By Lisa Shrewsberry
AccessHealth Family residency program director and longtime area physician Tiffany Thymius, D.O., is an optimist with due cause. She believes the future of medicine is in good hands, and she has the residents to prove it.
Right now, five bright young osteopathic residents (four hailing from West Virginia) are spending their time learning and managing patients under established area physicians, perfecting the human art and science of family medicine in a rural practice setting. Thymius is encouraged by what she’s witnessing firsthand, particularly in consideration of a looming shortage of primary care practitioners nationwide.
“The biggest benefit to our area is, over the course of years, to bring more family practice doctors back to southern West Virginia to practice,” she stated.
General practice physicians have been the focus of a growing deficiency within the health care system over the past decade — a critical lack of primary care doctors who can act as home base for coordinating overall patient care. The lack is of particular concern in rural areas where chronic disease is high and treatment harder to obtain.
Diversifying specialties along with their better pay and hours and decreased administrative responsibilities have routinely enticed medical students away from the time-honored art of family practice. The level of prestige afforded television’s “Grey’s Anatomy” types far outweighs any attention given to the media-anemic old-fashioned country doctor, a cultural backdrop against which many would-be family practitioners are growing up.
With health care changes in the air and the possibility of more Americans being extended health care coverage, family medicine is in particular demand, at a time when fewer exist. The latest news from the American Academy of Family Physicians (AAFP) posted this week is that the U.S. will need almost 52,000 additional primary care physicians by 2025 to meet the country’s escalating health care utilization needs.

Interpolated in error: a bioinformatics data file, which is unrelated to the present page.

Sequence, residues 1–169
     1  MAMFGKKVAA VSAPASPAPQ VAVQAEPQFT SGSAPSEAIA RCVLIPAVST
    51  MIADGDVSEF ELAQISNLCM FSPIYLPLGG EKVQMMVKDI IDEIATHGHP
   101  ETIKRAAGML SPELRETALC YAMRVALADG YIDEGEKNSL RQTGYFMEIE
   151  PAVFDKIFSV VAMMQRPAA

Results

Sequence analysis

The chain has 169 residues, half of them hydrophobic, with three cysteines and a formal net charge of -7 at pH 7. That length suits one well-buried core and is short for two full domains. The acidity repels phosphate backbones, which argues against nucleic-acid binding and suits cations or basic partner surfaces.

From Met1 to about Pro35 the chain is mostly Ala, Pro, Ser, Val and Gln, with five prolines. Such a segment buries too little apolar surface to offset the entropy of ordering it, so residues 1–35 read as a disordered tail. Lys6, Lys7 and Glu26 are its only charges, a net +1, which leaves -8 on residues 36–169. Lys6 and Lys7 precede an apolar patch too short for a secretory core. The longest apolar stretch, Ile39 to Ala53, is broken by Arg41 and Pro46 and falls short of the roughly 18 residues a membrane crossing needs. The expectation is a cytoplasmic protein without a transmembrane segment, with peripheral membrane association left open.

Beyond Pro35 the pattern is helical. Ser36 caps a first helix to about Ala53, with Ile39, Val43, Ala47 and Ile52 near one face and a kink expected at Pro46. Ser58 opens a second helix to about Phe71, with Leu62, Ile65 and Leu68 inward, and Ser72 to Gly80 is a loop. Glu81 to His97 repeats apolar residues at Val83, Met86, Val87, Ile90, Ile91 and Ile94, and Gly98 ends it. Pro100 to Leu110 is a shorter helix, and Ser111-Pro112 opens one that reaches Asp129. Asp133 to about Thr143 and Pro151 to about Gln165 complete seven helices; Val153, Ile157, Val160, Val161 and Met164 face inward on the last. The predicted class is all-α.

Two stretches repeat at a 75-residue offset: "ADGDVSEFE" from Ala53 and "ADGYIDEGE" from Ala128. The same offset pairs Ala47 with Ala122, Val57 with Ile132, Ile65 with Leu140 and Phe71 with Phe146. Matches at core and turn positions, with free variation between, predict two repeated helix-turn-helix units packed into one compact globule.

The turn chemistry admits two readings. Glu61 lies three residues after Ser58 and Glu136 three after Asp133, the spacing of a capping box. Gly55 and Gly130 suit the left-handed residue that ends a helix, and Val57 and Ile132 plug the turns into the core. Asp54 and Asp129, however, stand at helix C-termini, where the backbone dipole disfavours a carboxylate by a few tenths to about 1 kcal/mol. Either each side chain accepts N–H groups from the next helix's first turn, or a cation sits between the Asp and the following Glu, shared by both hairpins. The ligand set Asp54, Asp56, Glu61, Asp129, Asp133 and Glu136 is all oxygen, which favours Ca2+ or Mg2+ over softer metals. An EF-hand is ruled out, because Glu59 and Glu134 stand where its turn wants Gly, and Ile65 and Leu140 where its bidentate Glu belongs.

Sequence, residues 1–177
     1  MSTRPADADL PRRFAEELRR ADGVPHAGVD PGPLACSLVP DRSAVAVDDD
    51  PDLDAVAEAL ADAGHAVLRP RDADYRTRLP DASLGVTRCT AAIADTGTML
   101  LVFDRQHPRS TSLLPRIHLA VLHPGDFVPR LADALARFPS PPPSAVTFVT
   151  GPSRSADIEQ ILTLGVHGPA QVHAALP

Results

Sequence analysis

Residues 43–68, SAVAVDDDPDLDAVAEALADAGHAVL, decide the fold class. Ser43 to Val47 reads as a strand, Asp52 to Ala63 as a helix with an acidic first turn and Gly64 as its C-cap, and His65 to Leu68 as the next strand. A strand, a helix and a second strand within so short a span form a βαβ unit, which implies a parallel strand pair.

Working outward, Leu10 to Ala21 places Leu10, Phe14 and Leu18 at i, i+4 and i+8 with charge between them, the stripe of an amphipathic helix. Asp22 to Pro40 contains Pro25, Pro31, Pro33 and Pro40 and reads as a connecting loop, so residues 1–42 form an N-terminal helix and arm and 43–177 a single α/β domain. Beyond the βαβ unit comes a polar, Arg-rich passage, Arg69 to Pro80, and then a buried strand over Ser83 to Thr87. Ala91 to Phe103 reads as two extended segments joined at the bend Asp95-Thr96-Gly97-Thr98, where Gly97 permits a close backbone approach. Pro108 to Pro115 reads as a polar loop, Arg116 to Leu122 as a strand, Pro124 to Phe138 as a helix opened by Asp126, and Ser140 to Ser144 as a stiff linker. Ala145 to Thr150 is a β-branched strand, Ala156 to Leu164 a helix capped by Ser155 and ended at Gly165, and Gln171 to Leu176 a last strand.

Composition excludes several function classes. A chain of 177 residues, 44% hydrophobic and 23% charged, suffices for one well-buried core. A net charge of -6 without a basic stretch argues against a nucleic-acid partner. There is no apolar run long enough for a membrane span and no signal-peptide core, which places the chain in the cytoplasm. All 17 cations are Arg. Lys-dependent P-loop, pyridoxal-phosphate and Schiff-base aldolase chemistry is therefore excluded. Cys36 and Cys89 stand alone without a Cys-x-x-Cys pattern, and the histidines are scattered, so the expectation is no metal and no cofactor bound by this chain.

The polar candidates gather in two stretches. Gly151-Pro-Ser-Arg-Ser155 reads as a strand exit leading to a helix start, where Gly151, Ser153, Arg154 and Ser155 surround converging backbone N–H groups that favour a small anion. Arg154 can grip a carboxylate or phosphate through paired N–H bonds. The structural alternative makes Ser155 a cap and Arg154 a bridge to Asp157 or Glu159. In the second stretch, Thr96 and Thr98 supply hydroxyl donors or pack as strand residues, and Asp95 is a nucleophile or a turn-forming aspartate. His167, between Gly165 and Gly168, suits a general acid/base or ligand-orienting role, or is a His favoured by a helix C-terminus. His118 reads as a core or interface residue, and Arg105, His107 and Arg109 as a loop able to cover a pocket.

Projects like the grant-funded AccessHealth Residency Program may be at least part of the answer to cultivating more and better family physicians and helping them bloom where they’re planted.
“There is a greater need for primary care physicians in the community with the aging population we have, but also considering the aging population of physicians,” pointed out Charles Hunt, AccessHealth CEO. “We feel responsible as the leading primary care provider within our community for making sure the resources and expertise needed are around.”
AccessHealth was one of only 11 such model programs in the nation awarded a seal of approval and five years of funding through the Health Resources and Services Administration (HRSA). It was the only program recognized as meeting full criteria for a teaching health center.
“AccessHealth’s commitment to utilize the grant funding we currently have and, if necessary, to continue the program without funding in the future remains constant,” continued Hunt.
Program residents learn under family physicians within his organization, but they also regularly see patients and learn in cooperation with Raleigh General Hospital.
“When we bring back doctors to train here, we are hoping they come back to stay. We are looking for young medical graduates with a true interest in rural family medicine. What we are seeing is that we are attracting residents who do have ties to the state,” Thymius further explained.
Along with Dr. Rodney Fink, director of Medical Education and Chief Medical Officer for AccessHealth, who, among establishing other safeguards, helps secure funding for the program’s continuation into the future, Thymius works with Program Coordinator Megan Constantino to organize mentorships and otherwise guide the residents.
“The Residency Program is to teach them medicine and the business of running a practice so they can feel like when they finish these three years, they can come out and set up a private practice or join a partnership and be ready to thrive. That’s our overall goal. It takes lots of people to make that happen.”
Thymius, a 1998 graduate of West Virginia School of Osteopathic Medicine, appreciates schools like her alma mater for maintaining the integrity and numeric force of primary care physicians along with providing bright young talent for the residency program, an advancement she trusts to assist in meeting the expected future physician shortage head on.